Australian author Donald Horne penned a book in the 1960s called The Lucky Country. The irony of the title eluded most readers who assumed it meant Australia was blessed with good fortune. Horne meant that given the bumbling mismanagement of Australian leaders that Australia was lucky to be as well off as it was. Fifty years later nothing seems to have changed and this is reflected in the relentless rise of the Australian dollar.
Australian politicians would have people believe that Aussie dollar strength is a result of solid economic performance. The reality is slightly different. The strength is primarily a function of interest rate differences. It’s become ‘the’ carry trade.
Traders borrow U.S. dollars at almost zero percent interest and throw it into Aussie dollar interest bearing accounts for a lazy 5 percent to 6 percent. Like the earlier yen carry trade, it’s a no-brainer. And like the earlier yen carry trade, this mechanism feeds on itself with success breeding even more success and higher currency levels.
The damage inflicted on exports by a high dollar is dismissed, although ex-gratia compensation grants have already been made to selected industries. The damage inflicted on Australian businesses by a flood of now much cheaper imports is also dismissed as Australian consumers gorge themselves on flat screen TVs and Internet purchases. It seems almost too good to be true.
The weekly Aussie dollar chart shows a significant pattern, and an important breakout. The dominant pattern is the equilateral or pattern. This pattern is created when two equally valid, but opposing trend lines can be placed on the chart. The upper trend line is a down sloping line and shows the thinking of the bears. The lower, up sloping trend line shows the thinking of the bulls. They are evenly balanced so the pattern is a pattern of indecision.
It’s the breakout from the pattern that confirms the direction of the longer-term trend. The breakouts can be very rapid and powerful. The upside breakout suggests the Aussie dollar is about to resume a new and powerful uptrend. The chart pattern delivers the bad news. The initial, upside target is a retest of $1.10. However, the chart pattern suggests a much higher target.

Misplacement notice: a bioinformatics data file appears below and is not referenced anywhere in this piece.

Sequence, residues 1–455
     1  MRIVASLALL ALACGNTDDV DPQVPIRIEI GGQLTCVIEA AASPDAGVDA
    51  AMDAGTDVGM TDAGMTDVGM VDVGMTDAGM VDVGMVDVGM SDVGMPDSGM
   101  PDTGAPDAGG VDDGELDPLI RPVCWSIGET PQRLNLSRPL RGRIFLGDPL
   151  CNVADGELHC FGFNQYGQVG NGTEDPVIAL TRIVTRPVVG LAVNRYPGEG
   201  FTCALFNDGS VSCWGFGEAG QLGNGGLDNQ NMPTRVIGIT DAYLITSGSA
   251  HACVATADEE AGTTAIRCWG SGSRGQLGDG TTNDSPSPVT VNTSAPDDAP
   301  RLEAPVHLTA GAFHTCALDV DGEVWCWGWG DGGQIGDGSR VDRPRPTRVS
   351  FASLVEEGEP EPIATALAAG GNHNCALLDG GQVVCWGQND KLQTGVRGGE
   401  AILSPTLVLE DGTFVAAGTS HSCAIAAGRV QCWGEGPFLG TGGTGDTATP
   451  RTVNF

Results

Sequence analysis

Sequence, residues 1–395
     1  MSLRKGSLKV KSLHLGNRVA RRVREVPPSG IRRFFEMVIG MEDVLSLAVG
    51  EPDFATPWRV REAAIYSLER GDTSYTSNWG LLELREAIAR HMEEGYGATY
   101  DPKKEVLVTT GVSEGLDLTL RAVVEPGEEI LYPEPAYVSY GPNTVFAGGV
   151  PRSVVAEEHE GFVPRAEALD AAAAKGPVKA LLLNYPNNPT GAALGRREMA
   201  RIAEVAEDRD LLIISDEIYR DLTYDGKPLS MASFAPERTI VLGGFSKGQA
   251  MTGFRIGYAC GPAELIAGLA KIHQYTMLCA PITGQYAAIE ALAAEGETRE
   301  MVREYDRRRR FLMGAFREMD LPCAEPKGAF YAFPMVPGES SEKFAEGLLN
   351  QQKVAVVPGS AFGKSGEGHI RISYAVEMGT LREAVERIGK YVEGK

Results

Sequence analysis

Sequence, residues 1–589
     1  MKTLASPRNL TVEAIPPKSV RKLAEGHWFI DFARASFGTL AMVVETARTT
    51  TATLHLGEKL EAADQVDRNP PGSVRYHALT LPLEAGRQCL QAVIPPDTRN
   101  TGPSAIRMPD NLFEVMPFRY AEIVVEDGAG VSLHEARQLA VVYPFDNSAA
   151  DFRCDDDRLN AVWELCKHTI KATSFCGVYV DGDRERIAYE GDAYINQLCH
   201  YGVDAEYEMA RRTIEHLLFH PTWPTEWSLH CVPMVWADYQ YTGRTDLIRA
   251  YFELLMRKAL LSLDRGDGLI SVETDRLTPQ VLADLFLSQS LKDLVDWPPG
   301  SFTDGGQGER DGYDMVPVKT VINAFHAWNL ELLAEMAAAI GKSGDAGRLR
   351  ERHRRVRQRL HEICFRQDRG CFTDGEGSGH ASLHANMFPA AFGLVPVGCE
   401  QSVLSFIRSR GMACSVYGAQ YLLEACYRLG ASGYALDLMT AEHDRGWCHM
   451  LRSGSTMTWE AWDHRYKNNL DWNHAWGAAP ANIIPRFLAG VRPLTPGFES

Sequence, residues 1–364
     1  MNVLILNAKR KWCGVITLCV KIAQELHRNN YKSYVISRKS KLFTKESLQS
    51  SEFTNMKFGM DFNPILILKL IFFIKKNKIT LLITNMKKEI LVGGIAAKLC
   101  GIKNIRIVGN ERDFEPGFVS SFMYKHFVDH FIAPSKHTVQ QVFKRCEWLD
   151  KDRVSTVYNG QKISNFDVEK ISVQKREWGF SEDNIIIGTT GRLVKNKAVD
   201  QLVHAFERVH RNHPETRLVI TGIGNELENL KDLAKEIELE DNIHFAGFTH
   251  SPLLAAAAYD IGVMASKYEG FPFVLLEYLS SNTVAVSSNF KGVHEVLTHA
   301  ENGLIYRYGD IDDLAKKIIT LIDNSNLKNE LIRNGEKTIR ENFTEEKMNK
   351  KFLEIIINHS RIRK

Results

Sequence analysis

The target is calculated by measuring the width or base of the triangle pattern. In this case it starts from the low near $0.94. This start point is followed by three weeks of continuous price action moving in the same direction. This is the valid base of the triangle. The height of this base is measured, and then this value is projected above the trend line at the point of the breakout. This gives an upside target of $1.18.
The full completion of the chart pattern suggests an initial target of $1.18 and this is usually followed by a consolidation. Often in this environment the price reaches the pattern target, but then retreats and develops a consolidation at a slightly lower level. Currently there are no chart-based features for estimating where this consolidation area may develop.
The breakout towards $1.18 is unlikely to be a single smooth rising trend. During this rise sub-patterns will develop and these may be used to validate the initial upside target calculation based on the symmetrical triangle. The detail of the breakout remains unclear, but the general direction and the potential targets are well defined.
With an Aussie dollar moving towards $1.18 the currency inflicts real pain on the Australian economy. It will force the restructuring of industry and undermine the foundation thinking of the Australian resources boom. Only a reduction in Australian interest rates will unwind this carry trade and destroy the Aussie dollar uptrend.
Daryl Guppy is a trader and author of Trend Trading, The 36 Strategies of the Chinese for Financial Traders –. He is a regular guest on CNBC's Asia Squawk Box. He is a speaker at trading conferences in China, Asia, Australia and Europe.
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